Why Technology is Critical in Agribusiness Development
With the population of Kenya increasingly getting immersed into technology, innovators with the support of donor agencies and facilitators are beginning to tap into the agriculture sector with a bid to diversify food production, either for commercial purposes or home use.
The focus has majorly shifted to rural areas which are the bedrock of the country’s agricultural produce. The innovators are increasingly targeting small-scale farmers with a hope to see a positive impact on job creation, food security and GDP growth in Kenya.
Google Kenya in partnership with One Acre Fund, for instance, recently launched their plans to train 100,000 stallholder farmers in digital skills through a Sh100 million grant. The training is expected to benefit the farmers by providing products as well as services that would help them digitize their agricultural operations.
In Makueni, the German Development Corporation in a partnership with GIZ, KCB Foundation, and the County Government has also set up to train youths in the county on hydroponics technology. This type of farming is a subset of hydroculture where plants are grown in a soilless ground using only a mineral nutrient solution in a water solvent.
The training, which will involve about 150 youths aged 18 to 35 years, is expected to equip them with skills on the production of leafy vegetables, strawberries, livestock fodder, tomatoes among other food crops. It will support the youth to engage in food and nutrition security projects as part of the government’s Big Four Agenda.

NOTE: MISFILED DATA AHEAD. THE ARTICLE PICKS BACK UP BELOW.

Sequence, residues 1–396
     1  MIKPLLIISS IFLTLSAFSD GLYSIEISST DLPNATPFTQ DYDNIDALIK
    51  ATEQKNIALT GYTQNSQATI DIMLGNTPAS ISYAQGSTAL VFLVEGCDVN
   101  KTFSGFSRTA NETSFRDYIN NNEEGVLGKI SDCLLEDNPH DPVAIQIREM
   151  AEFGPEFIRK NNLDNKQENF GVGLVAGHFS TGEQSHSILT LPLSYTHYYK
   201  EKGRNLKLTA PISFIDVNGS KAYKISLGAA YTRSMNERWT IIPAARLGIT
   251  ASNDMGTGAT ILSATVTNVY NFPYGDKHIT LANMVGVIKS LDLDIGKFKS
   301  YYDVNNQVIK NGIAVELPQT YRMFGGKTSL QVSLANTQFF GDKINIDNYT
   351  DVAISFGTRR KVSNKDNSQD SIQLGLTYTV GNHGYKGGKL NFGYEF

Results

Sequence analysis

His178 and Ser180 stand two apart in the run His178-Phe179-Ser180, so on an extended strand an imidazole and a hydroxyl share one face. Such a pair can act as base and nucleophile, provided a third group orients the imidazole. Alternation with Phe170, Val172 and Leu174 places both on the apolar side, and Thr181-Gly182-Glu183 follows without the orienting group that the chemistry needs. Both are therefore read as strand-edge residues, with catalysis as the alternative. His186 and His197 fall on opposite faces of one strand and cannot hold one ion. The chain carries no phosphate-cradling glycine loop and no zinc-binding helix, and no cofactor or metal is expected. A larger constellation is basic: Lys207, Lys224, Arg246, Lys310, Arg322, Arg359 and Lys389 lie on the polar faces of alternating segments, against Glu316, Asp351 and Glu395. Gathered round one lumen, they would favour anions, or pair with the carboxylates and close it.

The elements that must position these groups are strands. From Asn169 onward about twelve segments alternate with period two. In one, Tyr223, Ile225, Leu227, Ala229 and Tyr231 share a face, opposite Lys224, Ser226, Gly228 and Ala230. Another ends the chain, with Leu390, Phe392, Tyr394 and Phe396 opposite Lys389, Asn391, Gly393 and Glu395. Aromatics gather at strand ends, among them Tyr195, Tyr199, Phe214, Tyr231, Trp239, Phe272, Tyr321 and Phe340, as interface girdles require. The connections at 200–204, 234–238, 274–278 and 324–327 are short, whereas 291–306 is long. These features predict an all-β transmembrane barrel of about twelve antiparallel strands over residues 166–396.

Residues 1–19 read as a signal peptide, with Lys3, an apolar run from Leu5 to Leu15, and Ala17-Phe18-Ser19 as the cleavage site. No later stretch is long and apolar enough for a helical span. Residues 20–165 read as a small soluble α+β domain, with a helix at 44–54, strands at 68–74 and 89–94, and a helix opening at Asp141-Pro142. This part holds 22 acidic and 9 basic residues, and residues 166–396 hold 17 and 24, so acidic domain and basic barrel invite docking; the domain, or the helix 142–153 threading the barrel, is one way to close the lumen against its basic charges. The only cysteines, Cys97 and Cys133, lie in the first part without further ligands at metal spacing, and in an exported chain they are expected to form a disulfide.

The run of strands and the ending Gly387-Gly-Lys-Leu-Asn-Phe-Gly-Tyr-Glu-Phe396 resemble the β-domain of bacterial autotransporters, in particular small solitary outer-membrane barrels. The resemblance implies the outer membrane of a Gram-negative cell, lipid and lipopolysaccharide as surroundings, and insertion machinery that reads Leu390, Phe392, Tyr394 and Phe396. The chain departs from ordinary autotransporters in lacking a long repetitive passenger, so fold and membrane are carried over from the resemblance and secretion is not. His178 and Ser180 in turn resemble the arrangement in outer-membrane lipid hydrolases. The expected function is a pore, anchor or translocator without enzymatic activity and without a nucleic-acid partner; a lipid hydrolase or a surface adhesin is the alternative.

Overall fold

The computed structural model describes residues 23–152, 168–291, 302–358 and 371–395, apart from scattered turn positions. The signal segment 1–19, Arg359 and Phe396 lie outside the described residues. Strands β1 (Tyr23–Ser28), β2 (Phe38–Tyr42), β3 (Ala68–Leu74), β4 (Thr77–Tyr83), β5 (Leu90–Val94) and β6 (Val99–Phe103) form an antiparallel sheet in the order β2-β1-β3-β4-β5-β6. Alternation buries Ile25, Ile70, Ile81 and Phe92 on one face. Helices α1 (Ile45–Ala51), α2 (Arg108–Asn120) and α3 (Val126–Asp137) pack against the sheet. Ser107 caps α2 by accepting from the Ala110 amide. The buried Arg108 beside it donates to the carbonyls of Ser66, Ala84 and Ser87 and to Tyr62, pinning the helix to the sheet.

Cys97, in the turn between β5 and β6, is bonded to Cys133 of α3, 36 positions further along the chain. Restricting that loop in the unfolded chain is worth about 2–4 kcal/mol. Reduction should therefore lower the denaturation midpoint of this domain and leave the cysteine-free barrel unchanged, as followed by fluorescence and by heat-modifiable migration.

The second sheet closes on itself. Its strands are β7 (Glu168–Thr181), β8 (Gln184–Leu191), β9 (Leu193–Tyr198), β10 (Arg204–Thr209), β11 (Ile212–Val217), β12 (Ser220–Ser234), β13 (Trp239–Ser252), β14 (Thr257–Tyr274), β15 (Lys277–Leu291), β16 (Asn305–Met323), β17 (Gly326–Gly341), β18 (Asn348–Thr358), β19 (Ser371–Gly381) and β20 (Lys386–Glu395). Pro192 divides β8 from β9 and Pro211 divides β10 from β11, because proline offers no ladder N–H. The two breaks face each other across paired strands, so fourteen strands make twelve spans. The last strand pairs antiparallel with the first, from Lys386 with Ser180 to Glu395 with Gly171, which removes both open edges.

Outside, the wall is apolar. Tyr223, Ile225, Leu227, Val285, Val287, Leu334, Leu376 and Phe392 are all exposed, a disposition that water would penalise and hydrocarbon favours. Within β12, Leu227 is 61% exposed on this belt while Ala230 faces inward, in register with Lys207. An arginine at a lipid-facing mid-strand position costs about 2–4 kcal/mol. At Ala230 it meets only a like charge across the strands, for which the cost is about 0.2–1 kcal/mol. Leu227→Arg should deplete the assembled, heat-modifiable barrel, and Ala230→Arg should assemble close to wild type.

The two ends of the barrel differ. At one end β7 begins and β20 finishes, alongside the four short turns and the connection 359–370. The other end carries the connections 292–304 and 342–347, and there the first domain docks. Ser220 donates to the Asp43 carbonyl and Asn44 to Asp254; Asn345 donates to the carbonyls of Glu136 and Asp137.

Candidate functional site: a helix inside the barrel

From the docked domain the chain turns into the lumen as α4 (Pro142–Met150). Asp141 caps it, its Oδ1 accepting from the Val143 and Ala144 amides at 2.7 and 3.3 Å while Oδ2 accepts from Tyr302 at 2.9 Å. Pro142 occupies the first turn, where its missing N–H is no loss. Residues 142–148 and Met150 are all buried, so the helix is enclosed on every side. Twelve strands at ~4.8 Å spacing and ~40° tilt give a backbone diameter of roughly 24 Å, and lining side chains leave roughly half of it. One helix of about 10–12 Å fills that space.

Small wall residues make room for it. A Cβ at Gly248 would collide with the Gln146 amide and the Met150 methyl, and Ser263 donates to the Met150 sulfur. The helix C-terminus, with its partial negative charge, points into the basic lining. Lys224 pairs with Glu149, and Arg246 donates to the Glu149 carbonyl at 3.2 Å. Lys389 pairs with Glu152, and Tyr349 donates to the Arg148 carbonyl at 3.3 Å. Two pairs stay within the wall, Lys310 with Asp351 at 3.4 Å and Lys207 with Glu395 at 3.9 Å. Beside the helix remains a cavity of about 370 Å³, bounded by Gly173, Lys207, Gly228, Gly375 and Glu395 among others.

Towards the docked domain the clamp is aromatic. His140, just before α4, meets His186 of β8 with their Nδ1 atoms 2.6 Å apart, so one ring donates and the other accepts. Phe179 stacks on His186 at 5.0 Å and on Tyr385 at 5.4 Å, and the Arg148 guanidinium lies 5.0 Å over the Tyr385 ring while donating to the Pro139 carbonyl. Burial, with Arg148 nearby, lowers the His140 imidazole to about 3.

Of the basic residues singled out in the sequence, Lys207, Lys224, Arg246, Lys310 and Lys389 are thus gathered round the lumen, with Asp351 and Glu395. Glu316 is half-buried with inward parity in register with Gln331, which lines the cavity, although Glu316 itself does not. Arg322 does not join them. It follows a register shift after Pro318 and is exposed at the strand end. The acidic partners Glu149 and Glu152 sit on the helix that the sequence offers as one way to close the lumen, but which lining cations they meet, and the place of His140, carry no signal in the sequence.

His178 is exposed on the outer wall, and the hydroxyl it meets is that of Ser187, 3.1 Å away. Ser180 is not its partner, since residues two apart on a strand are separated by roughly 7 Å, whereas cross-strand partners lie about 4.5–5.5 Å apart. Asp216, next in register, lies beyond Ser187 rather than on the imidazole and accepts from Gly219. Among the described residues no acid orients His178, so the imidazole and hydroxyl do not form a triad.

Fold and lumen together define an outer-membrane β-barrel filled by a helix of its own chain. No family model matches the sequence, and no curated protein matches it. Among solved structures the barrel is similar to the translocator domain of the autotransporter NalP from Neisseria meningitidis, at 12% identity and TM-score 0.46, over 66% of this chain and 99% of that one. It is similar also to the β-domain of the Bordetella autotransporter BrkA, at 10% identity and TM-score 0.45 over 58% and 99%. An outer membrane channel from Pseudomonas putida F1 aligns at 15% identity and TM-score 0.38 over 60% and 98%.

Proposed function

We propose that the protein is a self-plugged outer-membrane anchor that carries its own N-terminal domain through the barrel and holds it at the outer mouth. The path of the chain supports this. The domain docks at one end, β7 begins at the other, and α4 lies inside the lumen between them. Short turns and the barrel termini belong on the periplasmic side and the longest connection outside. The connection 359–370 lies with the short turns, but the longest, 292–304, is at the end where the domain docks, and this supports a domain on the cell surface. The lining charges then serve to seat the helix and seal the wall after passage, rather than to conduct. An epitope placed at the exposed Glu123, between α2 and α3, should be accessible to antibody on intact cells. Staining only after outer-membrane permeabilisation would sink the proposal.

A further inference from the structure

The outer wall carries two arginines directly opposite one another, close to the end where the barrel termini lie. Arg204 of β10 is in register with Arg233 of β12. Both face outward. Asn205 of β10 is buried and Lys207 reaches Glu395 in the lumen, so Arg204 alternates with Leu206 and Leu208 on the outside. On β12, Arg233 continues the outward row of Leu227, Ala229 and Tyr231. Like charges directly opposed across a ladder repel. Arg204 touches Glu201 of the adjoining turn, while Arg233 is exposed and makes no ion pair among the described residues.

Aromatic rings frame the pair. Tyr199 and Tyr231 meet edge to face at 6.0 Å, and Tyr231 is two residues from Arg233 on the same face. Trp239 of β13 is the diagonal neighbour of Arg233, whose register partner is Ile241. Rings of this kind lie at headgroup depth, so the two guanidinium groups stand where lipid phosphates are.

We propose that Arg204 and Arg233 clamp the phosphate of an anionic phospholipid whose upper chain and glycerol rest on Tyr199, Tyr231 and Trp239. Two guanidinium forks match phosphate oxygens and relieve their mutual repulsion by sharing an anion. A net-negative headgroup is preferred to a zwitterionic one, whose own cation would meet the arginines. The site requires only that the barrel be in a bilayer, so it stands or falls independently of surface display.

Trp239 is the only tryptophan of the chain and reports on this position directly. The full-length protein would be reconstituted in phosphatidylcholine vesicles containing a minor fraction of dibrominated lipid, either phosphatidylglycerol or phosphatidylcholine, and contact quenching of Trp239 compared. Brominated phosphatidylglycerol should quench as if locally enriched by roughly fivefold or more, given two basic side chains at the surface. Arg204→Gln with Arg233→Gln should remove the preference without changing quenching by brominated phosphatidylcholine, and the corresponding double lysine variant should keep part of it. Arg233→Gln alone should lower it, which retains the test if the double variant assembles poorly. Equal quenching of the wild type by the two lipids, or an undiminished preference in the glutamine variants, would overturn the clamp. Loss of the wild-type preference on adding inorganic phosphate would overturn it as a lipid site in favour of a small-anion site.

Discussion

Apart from facilitating the production of food crops, technology has also provided an avenue for marketing and sale of the food products. There are testimonies of youths who are now able to sell their food products at the comfort of their homes, cutting on expenses that they would otherwise accrue in renting stalls.
Rosemary Mukhangabwe from Embakasi estate, Nairobi, is one such example, who sells fishing using WhatsApp. The daughter of Busia County joined a WhatsApp group in her neighborhood where she also sells fruits.
“I post the stock I have, which I store in my fridge in my house. Members and buyers come for them, or I deliver,” says Rosemary.
Rosemary buys fish from a group of youths from her rural home under an agreement and travels to back to Nairobi where she posts pictures of her stock in three WhatsApp groups where she belongs. She stores the fish in ice boxes from Busia and keeps them in her home refrigerator.
“I sell the fish from my house at between Sh250 and Sh650. If I were to do business the conventional way, I would have had to rent a stall, pay licensing fees and market levies, which are huge business costs,” she narrates.
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